7. He supports you, emotionally and financially.

Need to vent about a guy in your life that isn't treating you well? My dad is there. Need some extra cash to help fund spring break? He's there for that, too.

8. He shows me how I should be treated.

Yes, my dad treats me like a princess, and I don't expect every guy I meet to wait on me hand and foot, but I do expect respect, and that's exactly what my dad showed I deserve. From the way he loves, admires, and respects me, he shows me that there are guys out there who will one day come along and treat me like that. My dad always advises me to not put up with less than I deserve and assures me that the right guy will come along one day.

For these reasons and more, my dad will forever be my No. 1 man. I love you!

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From One Nerd To Another

My contemplation of the complexities between different forms of art.


Aside from reading Guy Harrison's guide to eliminating scientific ignorance called, "At Least Know This: Essential Science to Enhance Your Life" and, "The Breakthrough: Immunotherapy and the Race to Cure Cancer" by Charles Graeber, an informative and emotional historical account explaining the potential use of our own immune systems to cure cancer, I read articles and worked on my own writing in order to keep learning while enjoying my winter break back in December. I also took a trip to the Guggenheim Museum.

I wish I was artistic. Generally, I walk through museums in awe of what artists can do. The colors and dainty details simultaneously inspire me and remind me of what little talent I posses holding a paintbrush. Walking through the Guggenheim was no exception. Most of the pieces are done by Hilma af Klint, a 20th-century Swedish artist expressing her beliefs and curiosity about the universe through her abstract painting. I was mostly at the exhibit to appease my mom (a K - 8th-grade art teacher), but as we continued to look at each piece and read their descriptions, I slowly began to appreciate them and their underlying meanings.

I like writing that integrates symbols, double meanings, and metaphors into its message because I think that the best works of art are the ones that have to be sought after. If the writer simply tells you exactly what they were thinking and how their words should be interpreted, there's no room for imagination. An unpopular opinion in high school was that reading "The Scarlet Letter" by Nathaniel Hawthorne was fun. Well, I thought it was. At the beginning of the book, there's a scene where Hawthorne describes a wild rosebush that sits just outside of the community prison. As you read, you are free to decide whether it's an image of morality, the last taste of freedom and natural beauty for criminals walking toward their doom, or a symbol of the relationship between the Puritans with their prison-like expectations and Hester, the main character, who blossoms into herself throughout the novel. Whichever one you think it is doesn't matter, the point is that the rosebush can symbolize whatever you want it to. It's the same with paintings - they can be interpreted however you want them to be.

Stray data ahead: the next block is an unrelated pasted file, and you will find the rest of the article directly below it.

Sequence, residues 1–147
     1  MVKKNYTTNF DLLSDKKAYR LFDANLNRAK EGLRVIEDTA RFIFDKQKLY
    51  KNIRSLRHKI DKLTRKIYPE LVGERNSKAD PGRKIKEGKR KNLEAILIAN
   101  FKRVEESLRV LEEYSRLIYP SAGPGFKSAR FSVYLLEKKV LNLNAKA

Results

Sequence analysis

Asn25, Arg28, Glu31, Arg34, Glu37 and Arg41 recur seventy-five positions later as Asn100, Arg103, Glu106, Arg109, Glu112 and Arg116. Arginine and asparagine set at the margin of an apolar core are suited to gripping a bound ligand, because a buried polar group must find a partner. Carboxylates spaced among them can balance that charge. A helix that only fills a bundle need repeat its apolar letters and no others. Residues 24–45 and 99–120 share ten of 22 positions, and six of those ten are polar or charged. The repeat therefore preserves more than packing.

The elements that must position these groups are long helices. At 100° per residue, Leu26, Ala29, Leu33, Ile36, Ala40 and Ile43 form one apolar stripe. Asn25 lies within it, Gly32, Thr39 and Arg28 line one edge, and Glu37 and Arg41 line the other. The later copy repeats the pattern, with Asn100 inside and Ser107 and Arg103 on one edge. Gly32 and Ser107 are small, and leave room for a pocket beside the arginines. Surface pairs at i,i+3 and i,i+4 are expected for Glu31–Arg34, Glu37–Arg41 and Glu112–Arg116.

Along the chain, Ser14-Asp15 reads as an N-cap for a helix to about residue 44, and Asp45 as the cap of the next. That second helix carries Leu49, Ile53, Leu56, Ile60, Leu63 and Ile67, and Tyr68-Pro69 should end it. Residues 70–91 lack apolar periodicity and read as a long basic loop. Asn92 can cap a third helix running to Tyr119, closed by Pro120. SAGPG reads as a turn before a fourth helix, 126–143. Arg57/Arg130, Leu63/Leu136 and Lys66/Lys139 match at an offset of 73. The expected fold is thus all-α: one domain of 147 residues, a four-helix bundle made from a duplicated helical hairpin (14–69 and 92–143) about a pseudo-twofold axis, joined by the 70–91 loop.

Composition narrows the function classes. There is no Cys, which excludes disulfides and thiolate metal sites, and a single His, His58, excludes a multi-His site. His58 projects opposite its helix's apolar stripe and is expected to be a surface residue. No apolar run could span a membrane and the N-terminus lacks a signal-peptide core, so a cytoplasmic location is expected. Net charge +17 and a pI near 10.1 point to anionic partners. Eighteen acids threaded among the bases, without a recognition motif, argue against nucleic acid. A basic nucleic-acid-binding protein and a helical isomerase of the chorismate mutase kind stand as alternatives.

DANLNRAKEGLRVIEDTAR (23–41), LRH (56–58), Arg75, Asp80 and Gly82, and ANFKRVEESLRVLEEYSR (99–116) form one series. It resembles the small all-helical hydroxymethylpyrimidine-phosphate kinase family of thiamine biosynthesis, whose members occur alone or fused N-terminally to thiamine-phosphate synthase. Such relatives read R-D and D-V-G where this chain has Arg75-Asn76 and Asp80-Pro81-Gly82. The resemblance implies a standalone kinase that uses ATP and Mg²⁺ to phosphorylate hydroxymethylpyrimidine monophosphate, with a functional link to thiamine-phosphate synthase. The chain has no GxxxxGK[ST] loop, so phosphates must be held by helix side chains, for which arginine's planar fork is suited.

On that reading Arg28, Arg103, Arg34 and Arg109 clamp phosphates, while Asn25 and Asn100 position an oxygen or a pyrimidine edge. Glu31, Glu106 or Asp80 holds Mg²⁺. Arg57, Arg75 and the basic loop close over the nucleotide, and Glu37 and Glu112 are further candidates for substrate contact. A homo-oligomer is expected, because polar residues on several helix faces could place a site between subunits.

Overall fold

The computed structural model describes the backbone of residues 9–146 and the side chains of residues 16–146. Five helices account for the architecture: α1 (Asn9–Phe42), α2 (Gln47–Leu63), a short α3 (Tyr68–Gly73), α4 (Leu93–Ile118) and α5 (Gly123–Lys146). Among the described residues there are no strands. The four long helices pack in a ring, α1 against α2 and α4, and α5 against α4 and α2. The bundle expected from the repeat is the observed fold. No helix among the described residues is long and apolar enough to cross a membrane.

As we walked through the building, its spiral design leading us further and further upwards, we were able to catch glimpses of af Klint's life through the strokes of her brush. My favorite of her collections was one titled, "Evolution." As a science nerd myself, the idea that the story of our existence was being incorporated into art intrigued me. One piece represented the eras of geological time through her use of spirals and snails colored abstractly. She clued you into the story she was telling by using different colors and tones to represent different periods. It felt like reading "The Scarlet Letter" and my biology textbook at the same time. Maybe that sounds like the worst thing ever, but to me it was heaven. Art isn't just art and science isn't just science. Aspects of different studies coexist and join together to form something amazing that will speak to even the most untalented patron walking through the museum halls.